Early Education, internationally, is the focus of much challenge and debate. Various approaches to teaching young children are being developed and advocated, but the focus is often on curriculum content with the processes of learning as a secondary issue. The most important consideration in early education is the way in which young children learn. Their transferable skills of communication, collaboration and investigation can underpin all aspects of learning. These elements form the main focus of work in a group of pre-schools in an area of Northern Italy which has earned an international reputation for innovative practice and pedagogy. The experience of Reggio Emilia, in providing challenges to accepted approaches to early childhood education in many countries, is widely acknowledged. Since 1963, when the Italian municipality of Reggio Emilia began setting up its network of educational services for 0-6 year olds, the 'Reggio Approach' has gained worldwide recognition.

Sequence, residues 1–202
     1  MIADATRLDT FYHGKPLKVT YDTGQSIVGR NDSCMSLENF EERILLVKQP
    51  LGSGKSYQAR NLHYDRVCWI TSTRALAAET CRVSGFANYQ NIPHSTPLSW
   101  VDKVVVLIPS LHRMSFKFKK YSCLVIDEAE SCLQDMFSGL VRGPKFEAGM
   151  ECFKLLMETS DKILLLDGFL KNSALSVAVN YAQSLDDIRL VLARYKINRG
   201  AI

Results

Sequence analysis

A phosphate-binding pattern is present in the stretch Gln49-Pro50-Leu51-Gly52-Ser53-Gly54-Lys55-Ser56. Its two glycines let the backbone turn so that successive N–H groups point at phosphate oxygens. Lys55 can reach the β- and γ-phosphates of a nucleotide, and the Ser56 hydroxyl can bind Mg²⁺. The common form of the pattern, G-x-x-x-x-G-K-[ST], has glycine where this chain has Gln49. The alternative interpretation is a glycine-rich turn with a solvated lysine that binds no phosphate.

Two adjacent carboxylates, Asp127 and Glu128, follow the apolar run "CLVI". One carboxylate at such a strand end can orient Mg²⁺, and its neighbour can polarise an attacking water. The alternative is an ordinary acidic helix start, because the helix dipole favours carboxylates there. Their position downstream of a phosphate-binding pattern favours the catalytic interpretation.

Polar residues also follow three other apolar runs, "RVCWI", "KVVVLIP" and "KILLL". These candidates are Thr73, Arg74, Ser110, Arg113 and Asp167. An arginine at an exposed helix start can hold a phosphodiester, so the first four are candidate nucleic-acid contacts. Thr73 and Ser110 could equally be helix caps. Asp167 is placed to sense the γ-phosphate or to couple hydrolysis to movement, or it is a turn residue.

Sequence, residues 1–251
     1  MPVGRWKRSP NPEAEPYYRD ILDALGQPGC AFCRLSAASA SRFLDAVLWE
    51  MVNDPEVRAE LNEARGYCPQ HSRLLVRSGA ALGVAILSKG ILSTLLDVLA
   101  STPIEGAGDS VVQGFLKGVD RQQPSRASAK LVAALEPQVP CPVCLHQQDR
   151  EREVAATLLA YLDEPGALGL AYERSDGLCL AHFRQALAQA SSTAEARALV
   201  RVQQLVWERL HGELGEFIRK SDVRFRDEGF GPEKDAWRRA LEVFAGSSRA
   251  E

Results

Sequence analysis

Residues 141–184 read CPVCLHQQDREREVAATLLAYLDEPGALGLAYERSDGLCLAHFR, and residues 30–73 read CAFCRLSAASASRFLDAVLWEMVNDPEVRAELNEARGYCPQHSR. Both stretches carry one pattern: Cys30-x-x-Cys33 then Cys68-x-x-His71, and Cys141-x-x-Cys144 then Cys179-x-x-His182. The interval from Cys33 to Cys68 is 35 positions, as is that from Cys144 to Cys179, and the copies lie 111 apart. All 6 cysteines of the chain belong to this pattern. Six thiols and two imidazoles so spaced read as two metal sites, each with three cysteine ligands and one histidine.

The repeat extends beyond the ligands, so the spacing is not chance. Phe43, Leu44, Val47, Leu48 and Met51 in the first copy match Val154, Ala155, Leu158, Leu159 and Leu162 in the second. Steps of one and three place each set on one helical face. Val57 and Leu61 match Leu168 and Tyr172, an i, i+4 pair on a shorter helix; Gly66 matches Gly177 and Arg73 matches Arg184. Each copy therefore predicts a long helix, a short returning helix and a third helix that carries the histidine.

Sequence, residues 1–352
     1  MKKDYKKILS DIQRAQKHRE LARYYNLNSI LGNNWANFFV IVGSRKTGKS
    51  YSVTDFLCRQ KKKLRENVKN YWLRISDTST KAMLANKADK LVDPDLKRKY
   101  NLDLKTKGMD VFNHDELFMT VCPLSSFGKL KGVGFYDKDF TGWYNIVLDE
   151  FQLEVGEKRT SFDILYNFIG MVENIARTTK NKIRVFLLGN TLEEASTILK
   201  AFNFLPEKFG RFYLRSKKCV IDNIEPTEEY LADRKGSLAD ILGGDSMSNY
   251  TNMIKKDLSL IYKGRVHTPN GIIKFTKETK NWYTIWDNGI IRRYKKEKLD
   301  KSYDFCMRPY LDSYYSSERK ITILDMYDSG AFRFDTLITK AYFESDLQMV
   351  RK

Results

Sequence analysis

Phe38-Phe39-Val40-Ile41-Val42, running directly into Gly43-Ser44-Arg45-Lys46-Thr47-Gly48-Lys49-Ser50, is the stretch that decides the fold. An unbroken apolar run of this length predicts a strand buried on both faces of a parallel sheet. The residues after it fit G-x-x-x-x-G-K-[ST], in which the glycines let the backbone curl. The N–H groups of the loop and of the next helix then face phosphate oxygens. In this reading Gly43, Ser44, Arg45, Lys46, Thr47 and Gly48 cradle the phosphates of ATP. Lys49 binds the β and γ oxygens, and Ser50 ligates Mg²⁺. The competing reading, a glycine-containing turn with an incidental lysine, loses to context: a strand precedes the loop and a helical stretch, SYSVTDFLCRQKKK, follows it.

Numerous visitors have been impressed by the acknowledgement given to the potential of children, the organisation and quality of the environments created, the promotion of collegiality and a climate of co-participation of families in the educational project. This book reflects the impressions and experiences of the Reggio Emilia approach gained by a range of early childhood educators following a study visit to the region. It focusses on key issues such as staffing, training, working with parents, play, learning, the culture of early childhood, and special educational needs, from a variety of perspectives and will provide a welcome challenge to thinking for both practitioners and policy makers.